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A Retrospective of the OpenStack Telemetry Project Newton Cycle

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A Retrospective of the OpenStack Telemetry Project Newton Cycle

Things don't always turn out as we predict. Read on to find out what's going on with OpenStack Telemetry and what is actually happening with it.

· Cloud Zone ·
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A few weeks ago, I recorded an interview with Krishnan Raghuram about what was discussed for this development cycle for OpenStack Telemetry.

It's interesting to look back at this video more than three months after recording it and see what actually happened to Telemetry. It turns out that some of the things that I thought were going to happen have not happened yet. As the first release candidate version is approaching, it's very unlikely they will happen.

And on the other hand, some new fancy features arrived suddenly without me having a clue about them.

As far as Ceilometer is concerned, here's the list of what really happened in terms of user features:

  • Added full support for SNMP v3 USM model.
  • Added support for batch measurement in Gnocchi dispatcher.
  • Set ended_at timestamp in Gnocchi dispatcher.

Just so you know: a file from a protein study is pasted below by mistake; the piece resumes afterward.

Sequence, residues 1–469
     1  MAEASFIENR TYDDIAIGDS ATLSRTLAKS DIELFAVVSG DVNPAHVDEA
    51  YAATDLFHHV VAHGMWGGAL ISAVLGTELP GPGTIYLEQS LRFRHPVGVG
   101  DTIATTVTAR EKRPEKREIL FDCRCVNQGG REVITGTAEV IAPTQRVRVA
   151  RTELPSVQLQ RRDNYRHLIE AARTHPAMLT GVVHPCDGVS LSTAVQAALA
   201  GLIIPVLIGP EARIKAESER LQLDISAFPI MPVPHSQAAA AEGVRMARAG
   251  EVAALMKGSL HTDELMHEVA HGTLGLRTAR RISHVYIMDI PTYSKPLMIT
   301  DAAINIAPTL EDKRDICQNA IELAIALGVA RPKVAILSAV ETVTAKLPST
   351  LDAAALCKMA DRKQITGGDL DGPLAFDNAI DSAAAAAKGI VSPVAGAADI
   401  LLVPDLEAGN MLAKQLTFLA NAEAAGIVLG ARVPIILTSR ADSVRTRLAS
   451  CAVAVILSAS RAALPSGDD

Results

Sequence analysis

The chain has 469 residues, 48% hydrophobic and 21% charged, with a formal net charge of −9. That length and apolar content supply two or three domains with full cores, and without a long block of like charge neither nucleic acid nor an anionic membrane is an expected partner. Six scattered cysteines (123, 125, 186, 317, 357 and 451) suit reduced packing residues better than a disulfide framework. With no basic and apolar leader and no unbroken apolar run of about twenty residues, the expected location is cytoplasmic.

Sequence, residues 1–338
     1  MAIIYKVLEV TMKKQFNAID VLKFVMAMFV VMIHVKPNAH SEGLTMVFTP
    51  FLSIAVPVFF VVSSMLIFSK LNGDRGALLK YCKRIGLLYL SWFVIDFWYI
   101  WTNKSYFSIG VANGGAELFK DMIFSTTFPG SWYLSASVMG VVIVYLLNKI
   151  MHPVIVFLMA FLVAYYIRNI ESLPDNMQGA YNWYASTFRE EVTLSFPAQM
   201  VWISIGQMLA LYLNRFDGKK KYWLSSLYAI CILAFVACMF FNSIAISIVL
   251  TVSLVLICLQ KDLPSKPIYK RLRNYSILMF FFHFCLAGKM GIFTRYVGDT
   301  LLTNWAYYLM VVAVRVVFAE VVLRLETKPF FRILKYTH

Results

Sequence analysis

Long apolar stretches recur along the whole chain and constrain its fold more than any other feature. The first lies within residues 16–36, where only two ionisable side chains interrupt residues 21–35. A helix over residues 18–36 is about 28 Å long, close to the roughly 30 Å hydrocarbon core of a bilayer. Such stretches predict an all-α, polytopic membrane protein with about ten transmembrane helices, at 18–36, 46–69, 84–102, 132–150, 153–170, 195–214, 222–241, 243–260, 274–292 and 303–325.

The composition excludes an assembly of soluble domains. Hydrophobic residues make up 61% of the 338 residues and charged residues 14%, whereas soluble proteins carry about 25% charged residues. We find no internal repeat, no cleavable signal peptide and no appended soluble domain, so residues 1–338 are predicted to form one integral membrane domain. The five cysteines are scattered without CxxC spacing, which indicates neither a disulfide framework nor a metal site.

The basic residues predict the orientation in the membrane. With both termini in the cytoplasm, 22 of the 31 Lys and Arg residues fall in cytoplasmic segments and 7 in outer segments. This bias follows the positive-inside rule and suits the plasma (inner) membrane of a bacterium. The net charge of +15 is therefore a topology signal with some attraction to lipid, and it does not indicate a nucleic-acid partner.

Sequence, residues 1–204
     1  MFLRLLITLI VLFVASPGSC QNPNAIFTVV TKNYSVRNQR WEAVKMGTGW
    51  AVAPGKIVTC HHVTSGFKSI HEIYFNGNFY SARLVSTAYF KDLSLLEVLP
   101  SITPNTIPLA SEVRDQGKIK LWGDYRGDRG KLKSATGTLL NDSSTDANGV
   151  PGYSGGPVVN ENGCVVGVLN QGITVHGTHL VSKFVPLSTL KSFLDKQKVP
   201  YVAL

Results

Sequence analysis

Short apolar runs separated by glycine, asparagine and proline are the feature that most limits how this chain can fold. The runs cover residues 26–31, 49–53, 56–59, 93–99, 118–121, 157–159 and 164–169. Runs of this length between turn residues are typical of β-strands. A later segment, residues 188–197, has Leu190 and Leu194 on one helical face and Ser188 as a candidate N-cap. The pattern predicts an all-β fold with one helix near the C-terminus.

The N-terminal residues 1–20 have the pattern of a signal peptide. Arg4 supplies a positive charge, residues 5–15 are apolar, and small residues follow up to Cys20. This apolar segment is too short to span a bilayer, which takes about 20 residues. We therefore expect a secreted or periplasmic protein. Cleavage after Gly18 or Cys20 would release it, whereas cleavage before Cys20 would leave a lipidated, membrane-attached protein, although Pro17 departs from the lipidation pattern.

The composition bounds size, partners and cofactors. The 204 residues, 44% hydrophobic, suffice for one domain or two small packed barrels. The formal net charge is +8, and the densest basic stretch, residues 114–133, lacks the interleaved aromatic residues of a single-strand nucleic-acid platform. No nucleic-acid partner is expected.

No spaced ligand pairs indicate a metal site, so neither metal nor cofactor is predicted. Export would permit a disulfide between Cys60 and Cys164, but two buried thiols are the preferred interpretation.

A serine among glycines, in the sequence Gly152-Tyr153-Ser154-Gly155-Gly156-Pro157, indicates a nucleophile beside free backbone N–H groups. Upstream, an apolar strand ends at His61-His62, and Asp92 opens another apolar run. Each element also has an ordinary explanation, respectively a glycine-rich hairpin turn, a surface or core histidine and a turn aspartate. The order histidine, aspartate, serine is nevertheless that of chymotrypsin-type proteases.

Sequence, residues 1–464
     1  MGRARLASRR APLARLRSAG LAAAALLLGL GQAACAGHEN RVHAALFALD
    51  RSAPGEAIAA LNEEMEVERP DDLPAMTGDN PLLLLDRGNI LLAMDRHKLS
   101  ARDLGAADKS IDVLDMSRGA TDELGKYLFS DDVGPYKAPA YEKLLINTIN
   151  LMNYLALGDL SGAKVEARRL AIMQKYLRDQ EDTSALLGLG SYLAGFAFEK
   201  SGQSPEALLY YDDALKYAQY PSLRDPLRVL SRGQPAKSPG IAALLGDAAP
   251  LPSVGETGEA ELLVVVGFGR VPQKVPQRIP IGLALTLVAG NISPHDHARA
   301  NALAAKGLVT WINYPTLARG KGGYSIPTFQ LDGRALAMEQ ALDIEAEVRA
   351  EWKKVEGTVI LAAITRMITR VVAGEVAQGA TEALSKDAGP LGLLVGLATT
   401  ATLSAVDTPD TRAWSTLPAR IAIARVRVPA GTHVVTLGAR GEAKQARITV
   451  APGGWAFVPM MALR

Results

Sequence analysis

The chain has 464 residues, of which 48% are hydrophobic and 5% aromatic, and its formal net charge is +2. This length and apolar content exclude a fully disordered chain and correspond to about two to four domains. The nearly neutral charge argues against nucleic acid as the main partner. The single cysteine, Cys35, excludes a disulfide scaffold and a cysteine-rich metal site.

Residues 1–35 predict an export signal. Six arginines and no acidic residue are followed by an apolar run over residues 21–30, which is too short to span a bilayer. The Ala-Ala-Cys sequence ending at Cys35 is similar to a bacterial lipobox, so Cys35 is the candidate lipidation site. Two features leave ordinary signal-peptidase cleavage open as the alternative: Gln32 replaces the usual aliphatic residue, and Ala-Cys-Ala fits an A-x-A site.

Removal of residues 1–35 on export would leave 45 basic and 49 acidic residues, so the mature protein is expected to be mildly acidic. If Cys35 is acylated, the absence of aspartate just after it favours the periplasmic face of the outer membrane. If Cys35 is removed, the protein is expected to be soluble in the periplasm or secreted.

• Allow Swift pollster to specify regions.
  • Add L3 cache usage and memory bandwidth meters.
  • Split out the event code (REST API and storage) to a new Panko project.

And a few other minor things. I planned none of them except Panko (which I was responsible for), and the ones we planned (documentation update, pipeline rework, and polling enhancement) have not happened yet.

For Aodh, we expected to rework the documentation entirely too, and that did not happen, either. What we did instead:

  • Deprecate and disable combination alarms.
  • Add pagination support in REST API.
  • Deprecated all non-SQL database store and provide a tool to migrate.
  • Support batch notification for aodh-notifier.

It's definitely a good list of new features for Aodh, still small, but simplifying it, removing technical debt and continuing building momentum around it.

For Gnocchi, we really had no plan, except maybe a few small features (they're usually tracked in the Launchpad bug list). It turned out we had some fancy new idea with Gordon Chung on how to boost our storage engine, so we worked on that. That kept us busy for a few weeks in the end, though the preliminary results look tremendous — so it was definitely worth it. We also have an AWS S3 storage driver on its way.

I find this exercise interesting, as it really emphasizes how you can't really control what's happening in any open source project, where your contributors come and go and work on their own agenda.

That does not mean we're dropping the themes and ideas I've laid out in that video. We're still pushing our "documentation is mandatory" policy and improving our "work by default" scenario. It's just a longer road that we expected.

development ,release ,project ,openstack ,version ,features

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